Kevin Payne Leaves D.C. United With A Strong Legacy, And Lots Of Questions

Patrick McDermott

With the departure of Kevin Payne, D.C. United fans are left with several significant concerns, and not just because Toronto FC might actually be good now.

The D.C. United Hall of Tradition is becoming a bit crowded. The names of the players that hang on the wall behind the north goal at RFK Stadium can be pretty easily separated into two tiers. Players like Richie Williams and Jeff Agoos certainly hold their places in United history and we may even have one or two fewer stars on our jerseys right now without them.

But that doesn't mean that their names necessarily should be mentioned next to those of Marco Etcheverry, Eddie Pope, Ben Olsen, and Jaime Moreno. Names like Williams and Agoos deserve to be on that wall at RFK Stadium. Names like Etcheverry and Moreno deserve to be written on the sign that will proclaim the name of our soccer specific stadium.

United has a fabulous history, and there are countless current and former members of the United front office that are a big part of that. But there's only one other name in United history that I'd put up there with Etcheverry, Pope, Olsen, and Moreno. There's only one other name that I'd actually consider placing on that stadium. It's the name Kevin Payne.

Because if you think about it, Payne had just as much to do with those four stars as Moreno.

In the early days of MLS, while acting as United's General Manager, and with lots of help from Bruce Arena, Payne figured out how to win in MLS before any other club figured it out. United won the MLS Cup three of the first four seasons because Payne identified talented and affordable players from places like Bolivia and El Salvador who were supplemented by some of the best soccer players that America had to offer.

Eventually those years ended, as all dynasties do. So Payne went out and signed guys like Christian Gomez, Alecko Eskandarian, and Luciano Emilio and did it all over again.

Shortly thereafter, the rest of the league caught up. Suddenly United's international scouting advantage had evaporated. And eventually, so too did our financial capability. Once Victor MacFarlane quit on United and Will Chang was left holding the bag (and the debt), Payne had less of a budget to work with. United had to adjust.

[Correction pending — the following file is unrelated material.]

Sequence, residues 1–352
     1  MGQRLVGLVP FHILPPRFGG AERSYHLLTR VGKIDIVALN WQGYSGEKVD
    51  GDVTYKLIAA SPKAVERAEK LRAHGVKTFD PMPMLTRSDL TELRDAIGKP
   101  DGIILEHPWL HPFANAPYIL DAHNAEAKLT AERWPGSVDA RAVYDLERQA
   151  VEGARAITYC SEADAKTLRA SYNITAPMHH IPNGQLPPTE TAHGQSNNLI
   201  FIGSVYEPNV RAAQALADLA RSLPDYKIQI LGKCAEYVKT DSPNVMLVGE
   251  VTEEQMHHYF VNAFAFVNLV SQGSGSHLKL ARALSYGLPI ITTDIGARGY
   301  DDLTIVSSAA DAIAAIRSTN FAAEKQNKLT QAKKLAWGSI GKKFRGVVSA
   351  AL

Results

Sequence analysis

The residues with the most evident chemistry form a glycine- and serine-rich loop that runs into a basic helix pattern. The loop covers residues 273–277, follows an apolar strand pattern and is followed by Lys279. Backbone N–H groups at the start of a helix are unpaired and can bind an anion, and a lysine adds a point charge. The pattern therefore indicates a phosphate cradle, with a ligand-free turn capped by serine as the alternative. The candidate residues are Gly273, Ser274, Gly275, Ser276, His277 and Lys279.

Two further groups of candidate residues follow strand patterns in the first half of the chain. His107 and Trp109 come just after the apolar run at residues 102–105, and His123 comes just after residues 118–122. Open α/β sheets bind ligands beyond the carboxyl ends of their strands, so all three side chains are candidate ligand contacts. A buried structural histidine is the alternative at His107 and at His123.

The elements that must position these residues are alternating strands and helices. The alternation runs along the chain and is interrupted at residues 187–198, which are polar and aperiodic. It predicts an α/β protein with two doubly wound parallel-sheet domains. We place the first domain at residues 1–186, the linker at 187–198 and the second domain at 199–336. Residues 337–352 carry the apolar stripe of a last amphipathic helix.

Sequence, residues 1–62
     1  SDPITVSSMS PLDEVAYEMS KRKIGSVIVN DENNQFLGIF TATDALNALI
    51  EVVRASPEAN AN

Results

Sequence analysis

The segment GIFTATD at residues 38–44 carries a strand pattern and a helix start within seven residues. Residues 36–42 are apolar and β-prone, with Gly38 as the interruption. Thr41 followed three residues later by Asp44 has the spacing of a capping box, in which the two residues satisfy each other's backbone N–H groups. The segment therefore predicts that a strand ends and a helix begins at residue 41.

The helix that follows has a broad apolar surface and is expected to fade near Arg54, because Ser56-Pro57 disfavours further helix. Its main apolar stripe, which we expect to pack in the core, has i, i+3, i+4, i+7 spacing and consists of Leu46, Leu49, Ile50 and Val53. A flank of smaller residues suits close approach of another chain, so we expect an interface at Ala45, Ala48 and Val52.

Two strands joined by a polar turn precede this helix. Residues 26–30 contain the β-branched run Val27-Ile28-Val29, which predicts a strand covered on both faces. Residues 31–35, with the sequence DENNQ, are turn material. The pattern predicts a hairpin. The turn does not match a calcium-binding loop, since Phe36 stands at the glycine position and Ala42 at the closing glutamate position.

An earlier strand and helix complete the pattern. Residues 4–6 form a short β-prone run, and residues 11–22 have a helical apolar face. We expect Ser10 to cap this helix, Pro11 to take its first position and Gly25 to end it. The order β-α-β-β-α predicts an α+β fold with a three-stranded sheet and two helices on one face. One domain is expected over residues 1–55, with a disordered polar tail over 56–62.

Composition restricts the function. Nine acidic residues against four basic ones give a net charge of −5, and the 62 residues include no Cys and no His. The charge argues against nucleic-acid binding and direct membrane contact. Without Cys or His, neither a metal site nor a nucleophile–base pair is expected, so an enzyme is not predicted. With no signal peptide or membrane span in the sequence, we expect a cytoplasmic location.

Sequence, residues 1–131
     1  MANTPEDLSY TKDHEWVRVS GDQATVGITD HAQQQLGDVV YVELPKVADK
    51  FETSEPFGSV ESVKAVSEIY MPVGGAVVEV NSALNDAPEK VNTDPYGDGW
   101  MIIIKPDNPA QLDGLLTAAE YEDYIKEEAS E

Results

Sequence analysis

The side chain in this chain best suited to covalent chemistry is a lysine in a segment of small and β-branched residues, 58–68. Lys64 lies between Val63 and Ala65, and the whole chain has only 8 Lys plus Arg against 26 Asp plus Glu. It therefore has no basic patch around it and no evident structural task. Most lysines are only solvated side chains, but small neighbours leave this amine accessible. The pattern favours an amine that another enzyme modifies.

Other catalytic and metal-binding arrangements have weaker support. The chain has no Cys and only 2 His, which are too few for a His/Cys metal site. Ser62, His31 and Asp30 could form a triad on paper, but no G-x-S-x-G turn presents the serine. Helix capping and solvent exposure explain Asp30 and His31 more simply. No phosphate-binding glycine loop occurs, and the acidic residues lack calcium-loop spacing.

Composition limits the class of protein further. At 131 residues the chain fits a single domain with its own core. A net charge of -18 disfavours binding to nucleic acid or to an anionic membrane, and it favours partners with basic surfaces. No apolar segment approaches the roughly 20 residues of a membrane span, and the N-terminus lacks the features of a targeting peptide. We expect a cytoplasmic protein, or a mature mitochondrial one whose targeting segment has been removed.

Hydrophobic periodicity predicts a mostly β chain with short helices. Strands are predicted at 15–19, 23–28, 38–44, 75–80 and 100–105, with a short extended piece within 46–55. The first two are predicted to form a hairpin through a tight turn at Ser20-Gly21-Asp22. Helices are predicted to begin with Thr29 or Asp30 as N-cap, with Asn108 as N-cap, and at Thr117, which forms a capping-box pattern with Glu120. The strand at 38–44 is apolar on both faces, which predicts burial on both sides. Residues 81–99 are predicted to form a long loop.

Then the D.C. United Academy came along. And the homegrown rule came along. And suddenly United held an advantage over the rest of the league again, an advantage that didn't require a large budget. And so Payne built a roster out of talented young American players, two of them coming straight out of our own Academy, added one really awesome Canadian, and took his team back to the playoffs.

Payne deserves lots of credit for making United what it is today, and what it always has been. If you want to go even deeper, it's possible that United might not have existed without Payne. MLS might not have existed without Payne.

And without Payne, this team might have moved out of D.C. several years ago. Whenever the threat of relocation surfaced over the recent past, we could always be assured that this team wasn't going anywhere with Payne at the helm. And I can't help but assume that he wouldn't be leaving at this point in time without having some private assurances that this club's future remains in D.C.

When Erick Thohir and Jason Levien were announced as new ownership partners, we were all hopefully optimistic about what their presence and their deep pockets could mean for the future of United. But we were also just slightly concerned that they would have different goals in mind. Those fears were relieved when they announced that Payne would be staying on as Team President. With so much change happening, it was refreshing to hear that Payne would remain the constant, steering the team in the same direction as it had been traveling already.

Now those fears are rising once again.

Those fears could be relieved fairly quickly. Promoting current Executive Vice President Stephen Zack would send a message that this team's direction won't be changing. There are surely other executives that are currently in the league that would be able to take over for Payne without radically altering our path.

The fears that I have mainly revolve around what I've seen from some other teams in MLS. Now that we have an ownership group with pockets as deep as those of the New York Red Bulls and LA Galaxy, it's a very real concern that D.C. could take on that model. With a new Team President, we might see United begin to pursue multiple big name players while sacrificing the depth on the rest of the roster. That would be a problem for me. That would be a departure from Payne's vision. That wouldn't be the United that I love, or the United that I grew up with.

But we're getting ahead of ourselves here.

In moments of change like this in the past, I've been known to just throw up my hands and say, "Ah well, I trust Kevin Payne," and know that everything will be okay. Well, Payne is gone. So instead, let's put our trust in Olsen. As long as we still have Olsen, it's safe to say that we are still United. At least I hope.

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